• “…personal preference toward eating meat does not in and of itself create all of these other problems.”

      Perhaps not if one or two people held those personal preferences, but when literally billions of people hold those preferences and exert their buying power on the food markets, those problems arise simply because they are inherent in meeting that incredible demand.

    • I agree that the argument is a bit flawed. It’s definitely possible that humans ate meat before they discovered fire (I’m not sure, maybe someone knows?), but after fire was discovered we found it more practical to cook our meat, and our bodies evolved over time to no longer have a tolerance for raw meat. That is of course, if you believe in evolution.

      And no, a personal preference for eating meat is not wrong. It is truly 100% your decision. What is wrong, and what causes all of the problems we see today are the factories that make it possible for us as humans to consume meat. If you have a farm and what not and go out and skin/pluck your own animals, there isn’t exactly environmental harm in that. At that point, it really just comes down to personal morals. But, if you disagree with factory farming, it would make sense that you would choose to be a vegetarian, I mean, at least at this point in your life.

  3. Dee

    Something I think people often overlook, and I think is a somewhat more controversial (rather, harder to come to terms with) theory in defense of animals is that they should be afforded the same moral status as humans. In fact, that we should protect them because we are logical, rational beings and they are not. I’d suggest anyone interested in vegetarianism or animal rights check out Peter Singer’s book “Practical Ethics” – very interesting read and makes a very convincing argument!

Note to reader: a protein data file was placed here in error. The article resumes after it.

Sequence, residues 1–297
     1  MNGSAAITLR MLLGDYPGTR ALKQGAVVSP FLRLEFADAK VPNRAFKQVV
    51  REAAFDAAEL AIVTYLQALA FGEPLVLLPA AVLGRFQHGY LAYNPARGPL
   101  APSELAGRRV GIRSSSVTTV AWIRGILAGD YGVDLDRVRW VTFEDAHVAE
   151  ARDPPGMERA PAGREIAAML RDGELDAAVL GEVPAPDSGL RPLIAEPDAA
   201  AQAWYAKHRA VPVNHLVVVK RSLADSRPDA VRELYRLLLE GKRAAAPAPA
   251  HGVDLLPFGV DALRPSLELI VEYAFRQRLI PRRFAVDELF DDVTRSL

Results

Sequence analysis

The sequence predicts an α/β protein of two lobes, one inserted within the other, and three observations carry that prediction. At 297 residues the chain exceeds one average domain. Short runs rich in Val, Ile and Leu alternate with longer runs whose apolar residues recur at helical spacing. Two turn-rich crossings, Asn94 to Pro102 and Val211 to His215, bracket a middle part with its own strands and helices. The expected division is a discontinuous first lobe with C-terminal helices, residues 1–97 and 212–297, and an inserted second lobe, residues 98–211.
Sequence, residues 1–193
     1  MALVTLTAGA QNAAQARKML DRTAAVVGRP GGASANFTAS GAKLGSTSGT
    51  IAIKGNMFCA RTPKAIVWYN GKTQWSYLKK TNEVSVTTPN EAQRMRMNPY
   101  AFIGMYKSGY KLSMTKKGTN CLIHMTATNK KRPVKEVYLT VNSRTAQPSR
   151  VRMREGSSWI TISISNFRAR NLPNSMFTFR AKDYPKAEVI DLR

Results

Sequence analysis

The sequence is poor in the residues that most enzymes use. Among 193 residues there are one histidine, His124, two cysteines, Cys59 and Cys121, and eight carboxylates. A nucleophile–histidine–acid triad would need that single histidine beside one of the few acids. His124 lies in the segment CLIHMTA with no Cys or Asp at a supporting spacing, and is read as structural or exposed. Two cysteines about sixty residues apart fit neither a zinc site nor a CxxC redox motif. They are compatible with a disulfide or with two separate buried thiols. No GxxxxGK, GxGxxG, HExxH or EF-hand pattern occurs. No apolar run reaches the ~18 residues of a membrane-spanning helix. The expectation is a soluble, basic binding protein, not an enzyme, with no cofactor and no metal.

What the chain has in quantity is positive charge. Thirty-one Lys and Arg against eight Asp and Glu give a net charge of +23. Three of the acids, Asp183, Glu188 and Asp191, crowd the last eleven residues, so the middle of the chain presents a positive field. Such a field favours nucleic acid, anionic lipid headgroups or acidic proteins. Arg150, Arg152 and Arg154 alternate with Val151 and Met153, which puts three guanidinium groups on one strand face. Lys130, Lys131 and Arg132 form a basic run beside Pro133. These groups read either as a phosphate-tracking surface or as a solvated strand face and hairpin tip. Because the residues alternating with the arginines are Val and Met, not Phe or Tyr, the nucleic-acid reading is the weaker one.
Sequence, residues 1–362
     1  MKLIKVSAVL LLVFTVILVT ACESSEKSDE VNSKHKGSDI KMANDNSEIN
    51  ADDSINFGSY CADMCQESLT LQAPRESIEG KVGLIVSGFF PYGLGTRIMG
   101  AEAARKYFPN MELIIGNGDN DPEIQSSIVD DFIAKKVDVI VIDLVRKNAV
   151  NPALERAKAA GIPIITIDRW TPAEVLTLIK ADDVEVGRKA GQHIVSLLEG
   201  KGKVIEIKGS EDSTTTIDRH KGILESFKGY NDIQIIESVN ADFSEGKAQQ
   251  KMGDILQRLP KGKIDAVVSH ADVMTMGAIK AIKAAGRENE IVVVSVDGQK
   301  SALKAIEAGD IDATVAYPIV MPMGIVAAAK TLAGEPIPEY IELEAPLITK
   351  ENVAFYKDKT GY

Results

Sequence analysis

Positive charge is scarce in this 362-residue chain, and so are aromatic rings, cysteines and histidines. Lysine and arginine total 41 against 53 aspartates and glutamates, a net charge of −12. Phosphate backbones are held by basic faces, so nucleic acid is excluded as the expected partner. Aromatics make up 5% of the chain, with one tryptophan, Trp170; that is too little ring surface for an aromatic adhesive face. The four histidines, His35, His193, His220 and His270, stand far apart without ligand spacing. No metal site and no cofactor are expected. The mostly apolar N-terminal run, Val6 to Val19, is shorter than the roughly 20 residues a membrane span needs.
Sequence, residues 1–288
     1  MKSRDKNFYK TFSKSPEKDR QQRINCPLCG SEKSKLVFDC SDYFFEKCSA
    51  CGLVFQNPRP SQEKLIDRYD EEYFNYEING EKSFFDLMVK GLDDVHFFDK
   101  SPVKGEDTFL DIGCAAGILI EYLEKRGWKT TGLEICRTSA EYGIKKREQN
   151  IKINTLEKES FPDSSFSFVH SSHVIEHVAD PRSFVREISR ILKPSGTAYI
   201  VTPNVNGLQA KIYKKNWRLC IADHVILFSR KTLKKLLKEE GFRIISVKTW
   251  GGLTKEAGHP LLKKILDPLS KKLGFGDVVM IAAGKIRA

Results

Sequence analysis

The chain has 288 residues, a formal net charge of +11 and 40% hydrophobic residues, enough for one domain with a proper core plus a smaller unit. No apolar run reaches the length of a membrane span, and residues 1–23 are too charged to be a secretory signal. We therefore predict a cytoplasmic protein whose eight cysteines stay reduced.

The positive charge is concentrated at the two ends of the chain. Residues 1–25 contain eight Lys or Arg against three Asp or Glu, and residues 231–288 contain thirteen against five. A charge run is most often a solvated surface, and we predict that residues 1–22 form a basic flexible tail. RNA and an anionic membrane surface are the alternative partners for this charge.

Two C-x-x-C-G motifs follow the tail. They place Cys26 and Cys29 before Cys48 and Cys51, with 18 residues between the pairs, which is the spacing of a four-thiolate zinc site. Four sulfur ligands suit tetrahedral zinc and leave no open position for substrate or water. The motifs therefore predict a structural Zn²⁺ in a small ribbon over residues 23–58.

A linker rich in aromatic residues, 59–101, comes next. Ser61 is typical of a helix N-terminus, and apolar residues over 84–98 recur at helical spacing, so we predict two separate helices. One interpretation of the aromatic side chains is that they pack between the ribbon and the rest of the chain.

4. Cynthia

    Personal preference is so easily claimed when the animals (or slaves, or women, or child labourers, or poor peasants, or…) have no voice. A “personal preference” to eat meat when one is made aware of the pain and suffering endured by those animals killed to satisfy the “personal preference” is 100% unethical. Non-human animals have their own lives, desires, and meaning independent of anything that humans want. Our worldview that this planet, and indeed the entire universe, is all about humans is extraordinarily myopic and petty and the way we treat animals shows that we are anything but intelligent. The Golden Rule should be the basis of the way we treat each other and other sentient life and sadly we seem to throw it out when relating to non-human animals. Here is a thoughtful essay that addresses this and more: http://www.viva.org.uk/guides/justiceforall.htm